Throughout this series we have examined a wide range of aspects, from the conceptual design to the transmission power of an individual neuron. Today, I thought we would look at a completely different aspect. How can we tell that a person is not merely Schizophrenic? Not only is this somewhat fascinating in itself, but it has the ability to provide some definitive evidence. That is very important for both medical teams and those involved in National Security.
The Standardized Criteria
Firstly, I must point out some limitations of this article. The first limitation is that this only applies to those that have the ability to converse with inner voice(s). So, if someone is claiming the merely hear a voice, or snippets of conversations, then this method of analysis will be of limited value. Such examples would be categorized in this article. For those of a medical background, the following symptom of Schizophrenia is being referred to:
Early in our training many of us made the mistake of asking patients in the hospital psychiatric emergency room if they were hearing voices of people who are not there. Some of us thought the patients were lying when they told us that they were not hearing voices, whether of someone there or not there. You see, for these patients, they were not hearing voices but were carrying on conversations with someone else. Again, these patients were not imagining a conversation but were really, really having a conversation. Therefore, they were not "hearing voices" but were being spoken to. The same applies to each of the other types of hallucinations affecting each of the other sense organs.
Allan Schwartz, Ph.D.
Dr. Schwartz's Weblog
Now that we have that established, let us examine some of the diagnostic criteria that defines Schizophrenia. What I am looking at is whether or not the basic diagnostic criteria can be faked by Synthetic Telepathy and if there is any medical way it can be differentiated from Schizophrenia.
If you want to follow along with this, I will be heavily referring to a video by William McFarlane M.D of the Maine Medical Center entitled "Schizophrenia Explained" and the Standardized Criteria as listed at Wikipedia. If we take our lead from Wikipedia, we will begin with delusions.
A person with Schizophrenia will hold delusions, quite often, severe paranoid delusions such as being followed, spied upon, being poisoned, thought being manipulated or broadcast, etc. Synthetic Telepathy does have the ability to induce such notions in a variety of ways. Normally, it would be a combination of stress positions (muscular contraction), sleep deprivation and the A.I. drawing attention to patterns, making plays on words or suggesting conspiratorial notions about events. The patient does not neccessarily need to be aware of this, even though they may be aware of a voice with whom they communicate. Thus, this aspect of the Standardized Criteria will not allow medical staff to determine whether or not this is artificially induced.
The next criteria is hallucinations. Of course, the conversational voice we described earlier is a requirement, but as it is this we are questioning, we will leave it to one side for the moment. If we stick to visual hallucinations, like those presented in the first two pictures, again we will have a similar problem as we had with delusions. The visual cortex can be stimulated by radio waves, so colors can change and certain persistence of vision effects can also occur, that can lead the mind into filling-in-the-gaps mimicking the visual effects in the first two pictures.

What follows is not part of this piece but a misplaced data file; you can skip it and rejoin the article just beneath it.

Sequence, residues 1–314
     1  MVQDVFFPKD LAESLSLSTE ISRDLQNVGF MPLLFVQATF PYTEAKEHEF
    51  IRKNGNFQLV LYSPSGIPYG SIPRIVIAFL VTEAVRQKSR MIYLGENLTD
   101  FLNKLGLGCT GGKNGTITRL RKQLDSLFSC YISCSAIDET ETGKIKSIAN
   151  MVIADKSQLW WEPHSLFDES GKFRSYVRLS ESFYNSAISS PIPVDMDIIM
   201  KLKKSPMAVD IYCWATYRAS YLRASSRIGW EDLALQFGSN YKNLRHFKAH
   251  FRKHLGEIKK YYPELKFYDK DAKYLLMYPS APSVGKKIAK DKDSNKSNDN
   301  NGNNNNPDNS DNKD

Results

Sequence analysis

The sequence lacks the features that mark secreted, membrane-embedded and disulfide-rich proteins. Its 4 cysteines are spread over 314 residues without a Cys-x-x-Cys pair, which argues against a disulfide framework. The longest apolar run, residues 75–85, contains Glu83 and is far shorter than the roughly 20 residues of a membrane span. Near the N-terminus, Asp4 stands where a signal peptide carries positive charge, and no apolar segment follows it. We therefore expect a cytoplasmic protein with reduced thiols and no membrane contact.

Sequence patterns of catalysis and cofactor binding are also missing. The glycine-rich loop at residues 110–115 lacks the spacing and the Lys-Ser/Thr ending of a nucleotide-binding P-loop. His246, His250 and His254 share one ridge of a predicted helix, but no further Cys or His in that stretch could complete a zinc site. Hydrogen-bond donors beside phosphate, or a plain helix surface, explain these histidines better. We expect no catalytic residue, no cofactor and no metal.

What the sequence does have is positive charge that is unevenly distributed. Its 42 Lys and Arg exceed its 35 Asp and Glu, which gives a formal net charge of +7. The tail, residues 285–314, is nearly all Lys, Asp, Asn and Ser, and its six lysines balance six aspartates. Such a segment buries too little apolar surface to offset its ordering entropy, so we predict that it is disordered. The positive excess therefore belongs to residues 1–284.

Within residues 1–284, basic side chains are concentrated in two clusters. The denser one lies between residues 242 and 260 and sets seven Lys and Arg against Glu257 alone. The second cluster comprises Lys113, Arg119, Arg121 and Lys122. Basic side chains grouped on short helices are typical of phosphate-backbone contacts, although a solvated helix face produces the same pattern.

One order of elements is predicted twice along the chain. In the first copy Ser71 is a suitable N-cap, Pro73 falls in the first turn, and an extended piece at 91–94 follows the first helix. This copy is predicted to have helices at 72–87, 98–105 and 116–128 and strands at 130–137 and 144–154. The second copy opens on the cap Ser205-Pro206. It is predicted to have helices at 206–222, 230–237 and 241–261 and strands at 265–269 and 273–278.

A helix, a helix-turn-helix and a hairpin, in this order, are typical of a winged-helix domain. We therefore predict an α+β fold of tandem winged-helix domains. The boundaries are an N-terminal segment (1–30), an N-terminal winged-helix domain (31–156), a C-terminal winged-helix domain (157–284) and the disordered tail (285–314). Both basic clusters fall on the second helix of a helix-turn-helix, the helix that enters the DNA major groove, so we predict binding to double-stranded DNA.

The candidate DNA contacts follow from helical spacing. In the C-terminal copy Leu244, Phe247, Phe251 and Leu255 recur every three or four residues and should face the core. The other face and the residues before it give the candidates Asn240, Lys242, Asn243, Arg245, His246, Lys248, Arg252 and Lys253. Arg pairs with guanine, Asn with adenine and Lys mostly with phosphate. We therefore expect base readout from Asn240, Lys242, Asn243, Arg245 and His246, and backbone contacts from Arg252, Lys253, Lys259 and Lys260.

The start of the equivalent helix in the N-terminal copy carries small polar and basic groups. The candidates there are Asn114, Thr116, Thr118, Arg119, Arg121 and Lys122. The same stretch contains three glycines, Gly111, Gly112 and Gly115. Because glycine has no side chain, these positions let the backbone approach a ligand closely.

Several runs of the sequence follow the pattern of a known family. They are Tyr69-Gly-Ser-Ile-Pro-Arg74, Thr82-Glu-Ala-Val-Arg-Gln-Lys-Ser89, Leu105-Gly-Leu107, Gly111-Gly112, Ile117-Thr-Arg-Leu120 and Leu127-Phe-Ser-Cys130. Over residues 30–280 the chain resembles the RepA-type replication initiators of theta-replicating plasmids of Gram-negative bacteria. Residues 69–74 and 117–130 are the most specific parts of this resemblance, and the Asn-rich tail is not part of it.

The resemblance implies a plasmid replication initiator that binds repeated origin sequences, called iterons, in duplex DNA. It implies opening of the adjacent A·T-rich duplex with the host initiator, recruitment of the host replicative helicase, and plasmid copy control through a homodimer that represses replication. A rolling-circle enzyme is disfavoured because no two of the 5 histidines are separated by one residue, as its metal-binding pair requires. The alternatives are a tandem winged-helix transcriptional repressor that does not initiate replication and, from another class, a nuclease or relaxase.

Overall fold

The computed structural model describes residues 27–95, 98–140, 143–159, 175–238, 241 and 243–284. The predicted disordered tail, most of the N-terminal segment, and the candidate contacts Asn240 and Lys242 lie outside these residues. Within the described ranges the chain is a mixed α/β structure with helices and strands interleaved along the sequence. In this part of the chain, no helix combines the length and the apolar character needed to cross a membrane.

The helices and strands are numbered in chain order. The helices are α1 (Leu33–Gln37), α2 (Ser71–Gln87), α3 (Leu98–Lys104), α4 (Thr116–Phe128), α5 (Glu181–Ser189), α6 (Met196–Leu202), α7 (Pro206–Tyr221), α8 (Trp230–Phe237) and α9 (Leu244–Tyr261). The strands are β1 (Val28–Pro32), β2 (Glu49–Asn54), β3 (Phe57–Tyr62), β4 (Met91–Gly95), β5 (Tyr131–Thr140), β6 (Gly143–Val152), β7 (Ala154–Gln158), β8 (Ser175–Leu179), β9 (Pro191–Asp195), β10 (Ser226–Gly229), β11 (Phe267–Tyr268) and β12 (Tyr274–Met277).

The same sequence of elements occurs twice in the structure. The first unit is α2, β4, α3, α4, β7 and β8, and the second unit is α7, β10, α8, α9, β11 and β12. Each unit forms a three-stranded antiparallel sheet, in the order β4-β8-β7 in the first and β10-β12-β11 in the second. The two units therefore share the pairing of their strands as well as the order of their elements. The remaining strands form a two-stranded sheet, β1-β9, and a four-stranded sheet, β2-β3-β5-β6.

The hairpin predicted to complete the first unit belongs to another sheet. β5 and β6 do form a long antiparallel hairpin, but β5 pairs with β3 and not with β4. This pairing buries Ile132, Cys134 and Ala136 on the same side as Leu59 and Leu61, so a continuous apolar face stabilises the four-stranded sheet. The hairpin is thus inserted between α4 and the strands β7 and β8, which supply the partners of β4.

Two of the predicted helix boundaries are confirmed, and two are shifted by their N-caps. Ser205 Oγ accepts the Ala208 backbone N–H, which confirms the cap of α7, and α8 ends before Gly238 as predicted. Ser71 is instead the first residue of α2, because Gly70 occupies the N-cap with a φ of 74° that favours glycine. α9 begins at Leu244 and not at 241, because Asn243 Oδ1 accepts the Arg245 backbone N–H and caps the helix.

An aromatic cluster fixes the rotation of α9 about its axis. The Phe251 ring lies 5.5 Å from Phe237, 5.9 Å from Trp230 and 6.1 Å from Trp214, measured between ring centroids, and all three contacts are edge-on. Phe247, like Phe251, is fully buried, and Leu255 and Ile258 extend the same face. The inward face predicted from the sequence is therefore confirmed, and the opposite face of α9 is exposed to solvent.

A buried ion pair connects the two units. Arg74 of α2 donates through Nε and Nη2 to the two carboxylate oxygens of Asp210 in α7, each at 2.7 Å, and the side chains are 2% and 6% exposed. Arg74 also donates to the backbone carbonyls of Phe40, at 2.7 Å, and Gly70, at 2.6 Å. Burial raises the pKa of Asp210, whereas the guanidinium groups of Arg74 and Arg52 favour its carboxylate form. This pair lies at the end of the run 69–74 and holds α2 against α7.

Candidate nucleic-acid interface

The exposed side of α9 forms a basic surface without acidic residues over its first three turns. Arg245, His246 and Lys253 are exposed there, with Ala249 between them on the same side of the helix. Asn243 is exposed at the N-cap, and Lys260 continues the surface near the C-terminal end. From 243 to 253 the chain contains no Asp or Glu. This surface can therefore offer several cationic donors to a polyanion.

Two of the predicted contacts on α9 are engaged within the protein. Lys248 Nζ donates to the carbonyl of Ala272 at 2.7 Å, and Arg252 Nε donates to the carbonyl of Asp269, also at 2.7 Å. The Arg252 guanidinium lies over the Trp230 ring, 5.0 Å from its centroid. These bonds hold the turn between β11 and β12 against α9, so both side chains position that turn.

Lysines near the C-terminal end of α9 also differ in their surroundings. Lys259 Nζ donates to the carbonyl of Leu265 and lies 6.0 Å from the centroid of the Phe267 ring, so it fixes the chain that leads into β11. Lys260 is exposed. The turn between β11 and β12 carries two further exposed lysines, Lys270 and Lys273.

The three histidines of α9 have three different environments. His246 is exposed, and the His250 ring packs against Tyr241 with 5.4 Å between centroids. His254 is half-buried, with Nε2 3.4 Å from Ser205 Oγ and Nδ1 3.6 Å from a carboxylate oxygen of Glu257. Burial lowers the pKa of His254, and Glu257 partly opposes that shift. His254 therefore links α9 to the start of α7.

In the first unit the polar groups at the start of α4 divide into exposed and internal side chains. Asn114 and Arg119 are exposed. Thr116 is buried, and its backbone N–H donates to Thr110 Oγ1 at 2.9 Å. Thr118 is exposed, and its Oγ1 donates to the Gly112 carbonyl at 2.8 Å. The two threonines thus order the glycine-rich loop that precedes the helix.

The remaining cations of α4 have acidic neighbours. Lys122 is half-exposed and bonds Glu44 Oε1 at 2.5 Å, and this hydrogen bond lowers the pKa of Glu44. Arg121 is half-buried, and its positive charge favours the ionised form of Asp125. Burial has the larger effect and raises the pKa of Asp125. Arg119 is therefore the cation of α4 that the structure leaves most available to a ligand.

Disorganized speech really follows any type of mental illness that is related to arousal. Given that neurotransmitters are effected by Synthetic Telepathy's activity such as sleep deprivation and stimulated stress, arousal is generally automatic and thus the full chain of mental effects manifest. Whilst it is possible to perform limited real-time stimulation by radio wave, mimicking certain aspects, for a full natural effect the A.I. merely feeds into a psychosis providing some of the hallmarks of Schizophrenia.
If we now look at the third and forth diagrams to the right, we can see a range of other symptoms that may be present. Once again, the common issue is that these aspects can be either induced or faked by Synthetic Telepathy. Thus, we need to realise that a diagnosis based upon the Standarized Criteria is not enough to rule out Synthetic Telepathy.
Quite the contrary, it is the first stage in proving it is the source.
MRI To The Rescue
There is only way to differentiate between a Schizophrenic and someone effected by Synthetic Telepathy. An MRI scan should provide conclusive proof that a person suffers from Schizophrenia.
If we examine the fifth diagram, we can observe that there is difference between the activity, in the pre-frontal lobe, of a healthy brain and that of a Schizophrenic. The Schizophrenic brain has lower activity in this region. If we now look at the second diagram, we can observe how this lower activity extends to the whole brain and excess activity occurs in areas such as the occipital lobe (visual center).
Thus, if an MRI was conducted on a patient that demonstrated the Standardized Criteria of Schizophrenia and it failed to show signs of Schizophrenia, then the case for Synthetic Telepathy becomes very strong. That said, from the perspective of practical medicine, patients should be medicated to treat the symptoms, as regardless of how such illness is induced, it is still very much present.
In the world of National Security, any staff member who has passed an MRI that subsequently hears voices and passes a second MRI should be considered a breach of security. They should be removed to a secure room immediately and monitored for changes. I am sure such activity is passive for the most part, but there are uses for an inside man, especially an unstable one.